The above is a fairly lengthy explanation that I needed to help Neil with the UCC; calculating and tracking the times, and presenting finishers with the UCC medal.  There's no way I'm going to be at TLC without running the course!  Running the 28K would give me time to help with the UCC after my race was complete.

Since I'm about 2.5 hours from Huntsville, I drove up the morning of the race.  TLC boasts one of the greatest venues for staging a race, with plenty of parking, space for a big tent and a lake to cool down in after my 28K shift was done.  Races start every 20 minutes, so that all 4 races begin between 8:00 and 9:00.

My running is starting to progress in 2014.  I think this has to do with more physical exercise (retirement does not translate to leisure, in my case), losing some weight and no injuries.  At TLC, I decided to push the pace a little, for the first time in 3 years.  I stayed slow during the first 5K, to make sure there were no hidden issues, then gradually upped the pace until it became "challenging".  I was not rocketing the course by any means, but finished the first 14K in  1:44, which is very respectable for me.  Fatigue and being unused to pushing during a run meant that my second loop was slower.  I was happy with a sub-2 hour second 14K and a finishing time of 3:43!  It has been a while since I was in the top half of the finishers, so I was surprised to see that I placed 5th of 13 in my AC.  This helps tremendously as some days, I wonder if I will ever be able to run fast again.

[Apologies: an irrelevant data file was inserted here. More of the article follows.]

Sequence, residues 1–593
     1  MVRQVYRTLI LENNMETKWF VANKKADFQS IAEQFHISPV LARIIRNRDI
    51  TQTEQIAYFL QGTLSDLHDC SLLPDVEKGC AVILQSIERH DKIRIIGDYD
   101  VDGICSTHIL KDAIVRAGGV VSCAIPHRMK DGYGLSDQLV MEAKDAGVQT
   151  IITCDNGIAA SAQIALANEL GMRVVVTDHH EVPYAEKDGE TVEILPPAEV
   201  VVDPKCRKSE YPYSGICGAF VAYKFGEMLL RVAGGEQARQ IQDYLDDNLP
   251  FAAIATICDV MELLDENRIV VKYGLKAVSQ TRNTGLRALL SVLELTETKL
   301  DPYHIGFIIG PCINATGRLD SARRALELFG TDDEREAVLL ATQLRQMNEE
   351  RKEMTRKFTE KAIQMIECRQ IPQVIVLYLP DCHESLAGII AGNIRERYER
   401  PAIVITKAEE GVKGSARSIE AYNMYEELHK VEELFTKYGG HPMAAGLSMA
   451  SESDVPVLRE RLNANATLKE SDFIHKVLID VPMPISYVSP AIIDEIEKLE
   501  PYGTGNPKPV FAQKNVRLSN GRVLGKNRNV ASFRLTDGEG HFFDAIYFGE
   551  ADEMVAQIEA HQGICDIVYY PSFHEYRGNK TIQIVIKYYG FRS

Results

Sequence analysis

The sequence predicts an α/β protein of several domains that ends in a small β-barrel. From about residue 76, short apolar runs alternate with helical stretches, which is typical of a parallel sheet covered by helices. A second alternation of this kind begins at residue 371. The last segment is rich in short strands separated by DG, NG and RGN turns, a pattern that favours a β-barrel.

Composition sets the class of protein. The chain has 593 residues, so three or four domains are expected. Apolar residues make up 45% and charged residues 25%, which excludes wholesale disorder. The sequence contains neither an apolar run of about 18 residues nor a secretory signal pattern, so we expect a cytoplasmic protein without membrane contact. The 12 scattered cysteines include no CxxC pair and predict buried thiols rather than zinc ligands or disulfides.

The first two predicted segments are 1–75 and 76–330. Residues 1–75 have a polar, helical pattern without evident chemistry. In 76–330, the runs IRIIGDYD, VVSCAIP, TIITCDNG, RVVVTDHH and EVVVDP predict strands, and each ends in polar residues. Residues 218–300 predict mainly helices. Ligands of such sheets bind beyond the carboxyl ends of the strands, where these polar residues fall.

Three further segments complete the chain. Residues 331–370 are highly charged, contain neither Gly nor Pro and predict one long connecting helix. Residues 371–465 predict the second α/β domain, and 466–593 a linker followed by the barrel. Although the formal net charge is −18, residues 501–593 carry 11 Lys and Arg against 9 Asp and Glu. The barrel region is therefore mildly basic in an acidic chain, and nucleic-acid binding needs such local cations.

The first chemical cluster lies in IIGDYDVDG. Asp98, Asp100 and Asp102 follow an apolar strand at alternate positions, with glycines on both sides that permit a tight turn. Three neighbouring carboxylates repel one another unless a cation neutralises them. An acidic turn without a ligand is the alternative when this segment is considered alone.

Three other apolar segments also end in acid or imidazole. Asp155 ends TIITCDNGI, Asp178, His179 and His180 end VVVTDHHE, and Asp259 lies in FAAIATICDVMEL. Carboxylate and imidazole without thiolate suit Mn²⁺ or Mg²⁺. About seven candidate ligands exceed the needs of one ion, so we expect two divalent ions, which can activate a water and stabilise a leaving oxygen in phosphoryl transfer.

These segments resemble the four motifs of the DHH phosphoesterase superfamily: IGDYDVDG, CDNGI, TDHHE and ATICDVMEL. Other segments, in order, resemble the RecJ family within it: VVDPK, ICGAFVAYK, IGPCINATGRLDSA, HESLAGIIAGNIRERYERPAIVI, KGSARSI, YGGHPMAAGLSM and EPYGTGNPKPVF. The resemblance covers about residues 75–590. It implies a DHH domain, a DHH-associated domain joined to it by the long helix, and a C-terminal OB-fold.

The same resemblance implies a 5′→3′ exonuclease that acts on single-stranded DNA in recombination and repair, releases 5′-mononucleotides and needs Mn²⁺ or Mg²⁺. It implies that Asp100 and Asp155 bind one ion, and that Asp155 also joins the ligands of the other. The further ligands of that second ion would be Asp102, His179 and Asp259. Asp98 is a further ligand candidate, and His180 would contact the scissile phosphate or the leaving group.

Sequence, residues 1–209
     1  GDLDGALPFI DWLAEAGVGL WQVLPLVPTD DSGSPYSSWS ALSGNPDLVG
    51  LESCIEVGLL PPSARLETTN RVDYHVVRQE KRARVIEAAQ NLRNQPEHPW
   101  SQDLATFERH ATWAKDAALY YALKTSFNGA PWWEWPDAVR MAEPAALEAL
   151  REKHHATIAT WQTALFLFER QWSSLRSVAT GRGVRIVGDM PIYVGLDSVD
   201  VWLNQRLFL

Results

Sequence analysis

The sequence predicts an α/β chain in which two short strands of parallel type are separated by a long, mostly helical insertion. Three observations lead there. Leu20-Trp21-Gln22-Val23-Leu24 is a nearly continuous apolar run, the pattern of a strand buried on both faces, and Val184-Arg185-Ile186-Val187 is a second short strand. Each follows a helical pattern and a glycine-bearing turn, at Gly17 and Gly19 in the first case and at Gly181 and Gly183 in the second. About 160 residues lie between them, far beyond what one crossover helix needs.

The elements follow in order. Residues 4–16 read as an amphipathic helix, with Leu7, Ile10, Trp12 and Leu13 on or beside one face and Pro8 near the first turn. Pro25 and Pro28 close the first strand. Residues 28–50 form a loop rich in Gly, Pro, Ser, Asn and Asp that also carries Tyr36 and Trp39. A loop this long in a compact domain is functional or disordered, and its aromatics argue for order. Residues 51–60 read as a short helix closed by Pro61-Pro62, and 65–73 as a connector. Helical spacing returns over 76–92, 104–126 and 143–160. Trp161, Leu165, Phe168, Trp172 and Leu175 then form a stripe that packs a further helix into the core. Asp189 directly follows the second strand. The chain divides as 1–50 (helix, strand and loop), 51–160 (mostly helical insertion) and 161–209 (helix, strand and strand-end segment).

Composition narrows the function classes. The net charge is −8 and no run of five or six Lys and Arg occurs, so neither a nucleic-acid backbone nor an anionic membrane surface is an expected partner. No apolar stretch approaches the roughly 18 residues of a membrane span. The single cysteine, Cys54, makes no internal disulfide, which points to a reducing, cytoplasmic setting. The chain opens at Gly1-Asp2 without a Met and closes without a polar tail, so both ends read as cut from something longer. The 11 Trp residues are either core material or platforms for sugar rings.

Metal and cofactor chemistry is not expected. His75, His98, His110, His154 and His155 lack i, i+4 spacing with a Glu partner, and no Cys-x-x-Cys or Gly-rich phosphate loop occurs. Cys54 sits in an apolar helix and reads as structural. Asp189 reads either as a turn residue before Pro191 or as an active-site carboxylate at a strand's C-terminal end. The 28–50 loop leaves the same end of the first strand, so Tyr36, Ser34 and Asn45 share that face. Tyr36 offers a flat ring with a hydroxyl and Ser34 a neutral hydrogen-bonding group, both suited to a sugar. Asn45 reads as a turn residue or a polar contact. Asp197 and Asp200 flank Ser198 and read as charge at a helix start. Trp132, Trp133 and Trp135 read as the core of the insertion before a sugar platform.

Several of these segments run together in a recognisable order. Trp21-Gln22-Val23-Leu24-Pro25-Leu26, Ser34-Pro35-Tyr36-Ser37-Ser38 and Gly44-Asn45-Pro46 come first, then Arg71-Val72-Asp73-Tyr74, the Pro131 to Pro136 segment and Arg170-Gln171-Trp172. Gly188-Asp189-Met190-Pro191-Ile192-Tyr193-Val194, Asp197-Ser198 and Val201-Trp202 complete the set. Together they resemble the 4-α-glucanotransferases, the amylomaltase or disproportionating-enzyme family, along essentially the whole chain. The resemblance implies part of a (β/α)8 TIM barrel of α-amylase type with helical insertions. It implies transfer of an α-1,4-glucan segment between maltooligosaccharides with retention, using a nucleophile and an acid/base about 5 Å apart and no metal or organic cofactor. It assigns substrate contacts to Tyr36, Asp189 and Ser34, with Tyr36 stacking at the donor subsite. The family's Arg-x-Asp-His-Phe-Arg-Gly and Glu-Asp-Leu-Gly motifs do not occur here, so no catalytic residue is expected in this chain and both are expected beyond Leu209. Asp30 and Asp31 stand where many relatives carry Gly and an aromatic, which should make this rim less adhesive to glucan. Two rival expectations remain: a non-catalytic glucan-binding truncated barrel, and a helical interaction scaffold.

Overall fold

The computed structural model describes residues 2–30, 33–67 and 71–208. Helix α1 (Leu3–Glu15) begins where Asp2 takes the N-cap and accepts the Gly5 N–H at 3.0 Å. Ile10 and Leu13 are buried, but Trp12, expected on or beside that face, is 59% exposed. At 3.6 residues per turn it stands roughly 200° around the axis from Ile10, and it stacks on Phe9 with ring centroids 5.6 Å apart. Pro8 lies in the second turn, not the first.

After the race, I enjoyed the lake (okay, in case someone reads this who saw me in the lake, I went up to my shins), had a shishkabob, then hung around chatting and handing out UCC medals.

Great race!


I am helping my son-in-law Daryl to build a house in Toronto.  Daryl and Lily (my step-daughter) bought a bungalow near Park Lawn and during the winter, Daryl and I demolished everything but the exterior walls and part of the floor.  After a few delays (this becomes significant later on), Csaba (pronounced Chubba), a master carpenter, started framing the new house.  It would be a 2 story modern style house, loosely based on Frank Lloyd Wright architecture.  Daryl and I are the common labourers, while Ritchie, an experienced carpenter, is helping Csaba with the construction.  

Csaba, who is lightening quick at his normal speed, has been going gangbusters to complete the framing before he heads to Hungary for a vacation to visit with family and friends.  Trying to keep up with his requests for lumber and plywood is killing me!  Is the house over-engineered?  For the roof, we are talking 2x8 20 foot lumber for the rafters, strapped with 2X4 on edge, then 3/4 inch plywood for the decking.  A typical comment from Csaba:  "Hey Pierre!  Please hand me 4 sheets of 3/4 plywood".  Csaba means for me to haul the 4 sheets up through a window to the roof peak.  I might be exaggerating a bit, but you get the picture...

The house will be impressive once complete.  From just inside the front door, it will be 26 feet up to the peak.  The house will be clad entirely in metal.  More pictures to come!